Temporal range: middle to late Miocene
|Mummified Procamelus head.|
Procamelus was named by Leidy (1858). It is not extant. It was assigned to Camelidae by Leidy (1858) and Carroll (1988). The name is derived from the Greek πρό, meaning "before" or denoting priority of order, and κάμελος ("camel"), thus "fore-camel", "early camel" or "predecessor camel".
It had long legs designed for speed, and was about 1.3 metres (4.3 ft) in height at the shoulder, slightly smaller than a modern llama. Unlike modern camelids, it had a pair of small incisor teeth in the upper jaw. The remaining teeth were large and adapted for eating tough vegetation. The shape of the toes suggests that it possessed foot pads, like modern camels, unlike earlier forms of camelid, which generally had hooves. This would have helped it walk over relatively soft ground.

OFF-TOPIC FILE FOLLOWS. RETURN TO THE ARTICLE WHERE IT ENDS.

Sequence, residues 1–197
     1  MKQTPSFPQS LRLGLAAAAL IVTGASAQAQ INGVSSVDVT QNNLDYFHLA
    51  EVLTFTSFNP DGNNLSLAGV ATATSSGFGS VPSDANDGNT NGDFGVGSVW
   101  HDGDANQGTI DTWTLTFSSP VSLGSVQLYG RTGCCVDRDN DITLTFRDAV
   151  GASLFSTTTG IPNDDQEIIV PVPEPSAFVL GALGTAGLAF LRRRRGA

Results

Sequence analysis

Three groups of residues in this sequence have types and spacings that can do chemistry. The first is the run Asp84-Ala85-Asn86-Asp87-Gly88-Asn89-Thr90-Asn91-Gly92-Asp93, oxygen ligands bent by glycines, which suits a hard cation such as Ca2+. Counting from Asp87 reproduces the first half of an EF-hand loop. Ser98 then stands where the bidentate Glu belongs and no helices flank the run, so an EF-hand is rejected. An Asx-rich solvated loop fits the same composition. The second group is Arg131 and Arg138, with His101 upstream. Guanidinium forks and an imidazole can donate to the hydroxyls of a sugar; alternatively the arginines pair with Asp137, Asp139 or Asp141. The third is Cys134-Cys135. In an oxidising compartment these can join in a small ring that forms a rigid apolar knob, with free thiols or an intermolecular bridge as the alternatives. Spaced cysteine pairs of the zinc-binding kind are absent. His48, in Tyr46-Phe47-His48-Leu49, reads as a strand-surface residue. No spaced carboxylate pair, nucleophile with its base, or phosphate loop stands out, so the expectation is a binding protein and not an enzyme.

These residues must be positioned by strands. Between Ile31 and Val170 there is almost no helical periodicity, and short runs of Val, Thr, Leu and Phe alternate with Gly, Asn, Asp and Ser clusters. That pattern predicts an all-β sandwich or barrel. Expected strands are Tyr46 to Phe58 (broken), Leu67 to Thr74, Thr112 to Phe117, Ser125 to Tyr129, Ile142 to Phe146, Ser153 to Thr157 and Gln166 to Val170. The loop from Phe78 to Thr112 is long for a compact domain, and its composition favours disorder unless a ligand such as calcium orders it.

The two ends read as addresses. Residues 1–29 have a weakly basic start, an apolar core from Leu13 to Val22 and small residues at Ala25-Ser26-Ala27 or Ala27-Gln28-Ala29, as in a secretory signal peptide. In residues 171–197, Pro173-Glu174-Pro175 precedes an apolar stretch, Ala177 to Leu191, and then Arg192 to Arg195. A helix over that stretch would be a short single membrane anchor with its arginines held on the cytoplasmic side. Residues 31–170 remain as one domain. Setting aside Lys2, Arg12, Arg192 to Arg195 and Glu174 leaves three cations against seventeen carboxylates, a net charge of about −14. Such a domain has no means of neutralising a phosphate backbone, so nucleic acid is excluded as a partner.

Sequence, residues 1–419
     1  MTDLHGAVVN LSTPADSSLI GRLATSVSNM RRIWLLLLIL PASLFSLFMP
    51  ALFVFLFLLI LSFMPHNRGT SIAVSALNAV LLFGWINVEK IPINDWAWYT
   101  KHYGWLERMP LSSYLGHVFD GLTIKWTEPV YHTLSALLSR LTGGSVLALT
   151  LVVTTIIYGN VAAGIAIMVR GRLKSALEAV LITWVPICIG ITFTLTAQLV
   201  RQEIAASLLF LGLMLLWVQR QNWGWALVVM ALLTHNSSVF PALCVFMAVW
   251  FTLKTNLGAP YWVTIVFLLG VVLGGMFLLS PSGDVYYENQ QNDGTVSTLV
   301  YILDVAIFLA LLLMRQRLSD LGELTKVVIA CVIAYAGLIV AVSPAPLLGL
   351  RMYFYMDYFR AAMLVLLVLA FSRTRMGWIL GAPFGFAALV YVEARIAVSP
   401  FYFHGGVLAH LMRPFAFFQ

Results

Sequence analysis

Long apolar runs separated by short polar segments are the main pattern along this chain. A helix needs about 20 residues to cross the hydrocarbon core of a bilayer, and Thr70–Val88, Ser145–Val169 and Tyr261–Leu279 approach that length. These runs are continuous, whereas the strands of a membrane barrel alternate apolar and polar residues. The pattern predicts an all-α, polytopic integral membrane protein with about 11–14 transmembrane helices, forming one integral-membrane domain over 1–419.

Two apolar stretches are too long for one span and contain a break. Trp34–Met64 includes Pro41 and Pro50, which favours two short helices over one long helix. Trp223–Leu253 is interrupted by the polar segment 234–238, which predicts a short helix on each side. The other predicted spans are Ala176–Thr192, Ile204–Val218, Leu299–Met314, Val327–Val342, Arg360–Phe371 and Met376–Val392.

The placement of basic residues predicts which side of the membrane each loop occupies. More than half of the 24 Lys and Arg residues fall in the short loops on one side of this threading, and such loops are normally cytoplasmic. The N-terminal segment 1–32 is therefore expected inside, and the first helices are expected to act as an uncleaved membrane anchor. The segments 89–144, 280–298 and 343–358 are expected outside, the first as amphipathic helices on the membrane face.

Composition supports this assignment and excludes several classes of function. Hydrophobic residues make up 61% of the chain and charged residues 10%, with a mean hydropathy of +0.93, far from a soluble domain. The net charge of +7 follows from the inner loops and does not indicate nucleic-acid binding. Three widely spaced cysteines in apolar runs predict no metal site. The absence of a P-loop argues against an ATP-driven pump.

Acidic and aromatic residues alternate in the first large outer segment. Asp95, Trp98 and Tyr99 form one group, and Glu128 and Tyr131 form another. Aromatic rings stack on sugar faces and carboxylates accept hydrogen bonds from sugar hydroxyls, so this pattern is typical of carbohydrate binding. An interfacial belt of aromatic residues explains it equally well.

A single specimen was examined for estimated body mass by M. Mendoza, C. M. Janis, and P. Palmqvist. This specimen was estimated to weigh 53.3 kg (120 lb). It had a straighter neck than Oxydactylus or Aepycamelus.
- PaleoBiology Database: Procamelus, basic info
- R. L. Carroll. 1988. Vertebrate Paleontology and Evolution. W. H. Freeman and Company, New York 1-698
- πρό. Liddell, Henry George; Scott, Robert; A Greek–English Lexicon at the Perseus Project
- κάμελος. Liddell, Henry George; Scott, Robert; A Greek–English Lexicon at the Perseus Project
- Palmer, D., ed. (1999). The Marshall Illustrated Encyclopedia of Dinosaurs and Prehistoric Animals. London: Marshall Editions. p. 275. ISBN 1-84028-152-9.
- M. Mendoza, C. M. Janis, and P. Palmqvist. 2006. Estimating the body mass of extinct ungulates: a study on the use of multiple regression. Journal of Zoology 270(1):90-101
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